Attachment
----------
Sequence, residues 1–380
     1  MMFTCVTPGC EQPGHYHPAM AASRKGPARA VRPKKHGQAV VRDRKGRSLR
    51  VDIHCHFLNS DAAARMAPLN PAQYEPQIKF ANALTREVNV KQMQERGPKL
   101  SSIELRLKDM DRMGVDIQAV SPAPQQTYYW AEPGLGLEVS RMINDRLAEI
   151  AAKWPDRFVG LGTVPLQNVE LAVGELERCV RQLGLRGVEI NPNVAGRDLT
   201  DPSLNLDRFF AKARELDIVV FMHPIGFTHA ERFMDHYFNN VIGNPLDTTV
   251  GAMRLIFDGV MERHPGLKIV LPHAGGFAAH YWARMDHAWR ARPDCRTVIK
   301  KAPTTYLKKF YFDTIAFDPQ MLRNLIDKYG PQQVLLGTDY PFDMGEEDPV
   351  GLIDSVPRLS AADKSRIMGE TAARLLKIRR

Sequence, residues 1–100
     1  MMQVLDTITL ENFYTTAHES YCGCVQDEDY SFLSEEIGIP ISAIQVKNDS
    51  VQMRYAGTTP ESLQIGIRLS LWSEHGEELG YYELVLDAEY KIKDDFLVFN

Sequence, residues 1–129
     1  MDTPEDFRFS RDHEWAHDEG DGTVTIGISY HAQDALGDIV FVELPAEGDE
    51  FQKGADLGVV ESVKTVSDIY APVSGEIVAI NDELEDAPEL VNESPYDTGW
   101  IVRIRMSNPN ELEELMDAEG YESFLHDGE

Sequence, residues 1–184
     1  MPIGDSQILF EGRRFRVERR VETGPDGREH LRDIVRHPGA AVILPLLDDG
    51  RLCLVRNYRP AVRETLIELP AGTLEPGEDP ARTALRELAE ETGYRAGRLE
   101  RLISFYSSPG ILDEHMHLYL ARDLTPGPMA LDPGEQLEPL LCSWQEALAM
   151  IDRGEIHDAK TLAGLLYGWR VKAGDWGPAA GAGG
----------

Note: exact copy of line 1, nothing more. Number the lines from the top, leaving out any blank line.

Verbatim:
Sequence, residues 1–380